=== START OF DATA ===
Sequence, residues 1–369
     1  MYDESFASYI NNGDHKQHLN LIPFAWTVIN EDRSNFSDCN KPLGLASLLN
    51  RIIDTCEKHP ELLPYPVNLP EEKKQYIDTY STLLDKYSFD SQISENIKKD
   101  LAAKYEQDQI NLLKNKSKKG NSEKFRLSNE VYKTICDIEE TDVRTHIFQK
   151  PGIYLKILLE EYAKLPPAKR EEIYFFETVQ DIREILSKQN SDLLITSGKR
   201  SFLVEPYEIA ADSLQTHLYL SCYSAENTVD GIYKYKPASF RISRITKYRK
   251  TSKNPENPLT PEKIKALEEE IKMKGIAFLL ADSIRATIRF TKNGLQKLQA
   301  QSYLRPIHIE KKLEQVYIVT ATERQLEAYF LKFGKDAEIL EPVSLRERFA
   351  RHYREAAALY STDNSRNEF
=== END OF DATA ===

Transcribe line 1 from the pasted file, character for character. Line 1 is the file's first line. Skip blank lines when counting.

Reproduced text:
Sequence, residues 1–369